Months later, on October 18th, US patent #8286236 is filed. It grants permission for companies to include DRM software on their printers, granting them control over what a printer can and cannot print. This single patent created a controversy that is still hotly debated today and that is the argument over whether people should be able to print whatever plans they can get their hands on or if printers and the companies that make them can limit what can be made. Arguments from both sides range from public safety issues to human rights of ownership
I think that a logical next step for us to pursue would be the robotic hand that was proposed in class. After gaining experience working with motors and learning how to move a print head in a specific path on a 2D plane, moving the same type of head(or hand) in a 3D space will not be difficult. An arm like this would be useful in scanning large objects in order to print scale models and possibly new ways to print objects.
Once our printers reach a more stable mode of operation I think we should start producing more printers for use in classrooms. If we could have a working printer in all CEDE classrooms I think it would allow engineering design students for more easily build and test their designs. It would also open all engineering students to this relatively new technology and its capabilities and limitations.
As far as composite printers go, I think we are very capable of building one. We just need to actually work towards it with a more serious effort and we could probably have one by the end of 2014, assuming the proper funding.
After reading the first article, I believe creating more affordable lab instruments through 3D printing is a great idea. While we can't make all lab equipment through 3D printing due to material limitations there is a surprisingly large amount of useful items that can be produced. This ranges from simple test tube holders and mounts to full fledged microscopes and measurement devices. From my own experience in research labs, I know that even the simplest equipment can be extremely expensive, so any possible cost reduction will not only be effective in developing countries but in established nations as well.
The low cost nanoscope shows just how possible it is to 3D print lab equipment. My worry here is that the resolution and resilience of this nanoscope might be subpar. However, with some more development it will be greatly improved. Also, by using commercially available parts, the study ensures that the nanoscope can be reproduced by anyone as well as customized/upgraded by using different components. Later, once designs are standardized and the concept has been used more, the price will drop even more. It is here that the true power of open source technology will be most effective in driving the price down and maximizing the potential of the design. The community will start to design models that require minimal print times and simpler construction as well as producing software that works better than the initial design.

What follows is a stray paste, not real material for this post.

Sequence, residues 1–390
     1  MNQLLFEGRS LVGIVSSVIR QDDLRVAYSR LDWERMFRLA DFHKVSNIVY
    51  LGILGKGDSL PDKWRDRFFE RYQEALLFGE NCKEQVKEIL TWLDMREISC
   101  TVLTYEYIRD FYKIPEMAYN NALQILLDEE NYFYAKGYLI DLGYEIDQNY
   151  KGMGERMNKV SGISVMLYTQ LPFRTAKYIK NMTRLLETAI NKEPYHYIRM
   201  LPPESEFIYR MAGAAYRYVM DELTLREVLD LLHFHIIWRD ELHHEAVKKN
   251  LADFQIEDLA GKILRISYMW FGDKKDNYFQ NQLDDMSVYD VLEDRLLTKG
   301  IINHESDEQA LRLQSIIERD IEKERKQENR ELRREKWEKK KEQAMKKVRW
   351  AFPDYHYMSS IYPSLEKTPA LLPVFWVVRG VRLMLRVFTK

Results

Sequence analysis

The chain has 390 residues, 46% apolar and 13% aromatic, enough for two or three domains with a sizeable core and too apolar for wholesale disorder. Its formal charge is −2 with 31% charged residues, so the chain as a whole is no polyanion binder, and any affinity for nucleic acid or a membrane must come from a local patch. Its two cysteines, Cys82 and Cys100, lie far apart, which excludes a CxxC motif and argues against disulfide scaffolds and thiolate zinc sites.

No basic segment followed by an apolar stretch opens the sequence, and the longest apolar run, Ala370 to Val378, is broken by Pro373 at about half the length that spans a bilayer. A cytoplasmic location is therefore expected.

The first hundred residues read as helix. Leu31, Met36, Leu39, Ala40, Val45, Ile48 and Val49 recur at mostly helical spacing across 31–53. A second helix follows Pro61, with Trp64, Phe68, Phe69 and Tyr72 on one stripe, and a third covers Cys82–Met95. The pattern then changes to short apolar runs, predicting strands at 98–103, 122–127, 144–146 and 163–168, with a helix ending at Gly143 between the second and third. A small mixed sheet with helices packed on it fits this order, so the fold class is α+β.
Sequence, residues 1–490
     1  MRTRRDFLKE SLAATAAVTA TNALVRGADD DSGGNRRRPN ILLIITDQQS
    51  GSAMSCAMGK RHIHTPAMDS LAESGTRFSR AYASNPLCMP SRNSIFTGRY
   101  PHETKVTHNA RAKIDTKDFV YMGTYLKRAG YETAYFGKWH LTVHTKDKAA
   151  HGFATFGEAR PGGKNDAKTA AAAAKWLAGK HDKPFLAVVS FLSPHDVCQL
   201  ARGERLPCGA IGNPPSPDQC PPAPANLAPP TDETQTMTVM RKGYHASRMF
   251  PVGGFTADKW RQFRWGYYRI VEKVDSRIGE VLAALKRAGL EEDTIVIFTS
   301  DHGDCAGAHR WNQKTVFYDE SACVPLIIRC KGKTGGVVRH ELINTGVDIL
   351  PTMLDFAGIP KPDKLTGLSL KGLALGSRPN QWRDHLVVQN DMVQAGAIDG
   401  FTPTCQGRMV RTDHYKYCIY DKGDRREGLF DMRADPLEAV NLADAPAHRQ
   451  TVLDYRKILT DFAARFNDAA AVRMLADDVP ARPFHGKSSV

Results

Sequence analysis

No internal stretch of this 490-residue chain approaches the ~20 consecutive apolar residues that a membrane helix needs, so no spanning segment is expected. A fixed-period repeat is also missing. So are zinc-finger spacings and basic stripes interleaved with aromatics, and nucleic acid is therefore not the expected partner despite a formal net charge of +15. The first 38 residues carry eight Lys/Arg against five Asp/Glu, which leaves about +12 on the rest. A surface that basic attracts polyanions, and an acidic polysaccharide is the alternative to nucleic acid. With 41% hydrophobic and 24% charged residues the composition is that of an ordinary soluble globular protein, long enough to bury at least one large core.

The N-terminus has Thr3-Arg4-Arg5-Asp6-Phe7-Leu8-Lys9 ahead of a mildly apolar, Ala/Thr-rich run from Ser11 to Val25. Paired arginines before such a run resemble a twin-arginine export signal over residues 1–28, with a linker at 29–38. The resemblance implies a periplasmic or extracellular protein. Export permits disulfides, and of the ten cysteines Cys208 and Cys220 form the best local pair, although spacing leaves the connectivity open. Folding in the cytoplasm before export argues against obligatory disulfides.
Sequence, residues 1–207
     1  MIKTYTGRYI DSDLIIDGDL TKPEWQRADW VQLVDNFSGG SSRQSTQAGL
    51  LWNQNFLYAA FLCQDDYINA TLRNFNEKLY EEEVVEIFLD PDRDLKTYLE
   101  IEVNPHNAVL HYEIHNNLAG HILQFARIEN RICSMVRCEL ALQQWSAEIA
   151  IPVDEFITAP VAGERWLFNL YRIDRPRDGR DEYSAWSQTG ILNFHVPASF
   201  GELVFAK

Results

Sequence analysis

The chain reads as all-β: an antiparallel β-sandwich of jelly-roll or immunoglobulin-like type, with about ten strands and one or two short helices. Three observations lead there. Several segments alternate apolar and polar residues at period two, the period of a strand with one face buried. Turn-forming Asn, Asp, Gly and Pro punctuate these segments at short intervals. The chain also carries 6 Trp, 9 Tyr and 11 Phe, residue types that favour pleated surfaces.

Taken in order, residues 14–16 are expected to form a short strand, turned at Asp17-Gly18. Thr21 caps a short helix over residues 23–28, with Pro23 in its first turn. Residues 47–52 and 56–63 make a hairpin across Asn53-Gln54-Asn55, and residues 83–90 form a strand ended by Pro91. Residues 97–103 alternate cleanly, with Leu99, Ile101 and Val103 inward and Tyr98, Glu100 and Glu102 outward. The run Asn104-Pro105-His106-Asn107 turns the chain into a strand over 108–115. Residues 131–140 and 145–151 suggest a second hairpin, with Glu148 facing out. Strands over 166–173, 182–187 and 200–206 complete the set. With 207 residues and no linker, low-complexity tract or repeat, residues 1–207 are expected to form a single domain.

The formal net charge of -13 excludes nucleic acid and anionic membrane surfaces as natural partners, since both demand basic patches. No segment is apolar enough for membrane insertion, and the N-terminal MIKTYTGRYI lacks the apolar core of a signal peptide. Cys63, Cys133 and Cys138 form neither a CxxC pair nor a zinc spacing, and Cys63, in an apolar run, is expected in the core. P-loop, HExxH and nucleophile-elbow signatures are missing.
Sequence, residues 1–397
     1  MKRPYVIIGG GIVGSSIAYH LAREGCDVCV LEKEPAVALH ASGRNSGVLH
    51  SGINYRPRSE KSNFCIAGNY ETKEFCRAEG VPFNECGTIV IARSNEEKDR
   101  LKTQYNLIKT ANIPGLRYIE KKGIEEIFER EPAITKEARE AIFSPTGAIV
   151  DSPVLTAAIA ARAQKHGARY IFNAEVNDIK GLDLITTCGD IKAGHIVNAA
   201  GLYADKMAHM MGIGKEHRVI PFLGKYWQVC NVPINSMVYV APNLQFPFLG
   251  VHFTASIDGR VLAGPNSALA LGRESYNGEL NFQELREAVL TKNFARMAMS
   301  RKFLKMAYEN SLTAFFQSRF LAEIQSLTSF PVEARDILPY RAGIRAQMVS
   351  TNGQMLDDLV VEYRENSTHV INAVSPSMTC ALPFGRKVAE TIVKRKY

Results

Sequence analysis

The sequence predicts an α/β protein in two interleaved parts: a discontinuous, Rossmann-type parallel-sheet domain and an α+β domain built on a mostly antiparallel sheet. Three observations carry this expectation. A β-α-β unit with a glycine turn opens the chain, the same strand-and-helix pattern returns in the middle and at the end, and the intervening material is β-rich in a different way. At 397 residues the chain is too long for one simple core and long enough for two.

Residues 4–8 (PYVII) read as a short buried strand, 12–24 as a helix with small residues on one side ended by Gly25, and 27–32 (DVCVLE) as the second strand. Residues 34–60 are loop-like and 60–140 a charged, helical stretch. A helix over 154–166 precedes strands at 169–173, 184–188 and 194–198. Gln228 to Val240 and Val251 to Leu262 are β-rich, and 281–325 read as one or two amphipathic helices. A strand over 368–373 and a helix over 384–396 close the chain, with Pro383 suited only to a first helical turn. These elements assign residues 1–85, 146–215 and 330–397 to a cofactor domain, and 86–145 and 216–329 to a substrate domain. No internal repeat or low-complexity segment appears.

This idea of 3D printing lab equipment reminds me of the OSE project that we talked about earlier in the year, but much more real and effective.
Intellectual property rights and 3D printing seem to be at odds with each other. 3D printing is all about being able to create anything at any time while intellectually property management intends to restrict the production or use of an idea or product for an extended period of time. By copyrighting something, a person is able to prevent anyone else from using or altering this thing unless they give permission. This sort of usage restriction allows the inventor of a technology or product to reap the benefits of their work without another organization or person stealing the idea. Trademarks are similar to copyrights in that they restrict usage. This restriction, however, is limited to words or symbols, allowing someone to effectively brand their product. Trademarks are essentially copyrighted words, phrases, or symbols. A patent is very similar to copyright protection in that it gives one person or organization complete ownership over a process or product. Patents, however, only apply to newer ideas or products while copyrights usually last through the lifetime of a product. Trade secrets are very different from copyright protection in that they don't necessarily exist on paper. A trade secret is essentially the process by which a product is created that the producer would like to keep secret. This allows them to maintain control over who produces their product without all the legal consequences of copyrights or patents
The five Is are: Infringement, Identification, Impractical, Impossible, and Irrelevant. These five terms outline the decline of IP over time with the induction of 3D printing in the home. First, max copyright infringement will occur as people begin to use this technology. With this increased rate of infringement, identifying the offenders will become more and more difficult. Solving this identification problem will then be impractical or impossible depending on magnitude. Lastly, IP will become irrelevant because it is impossible to implement.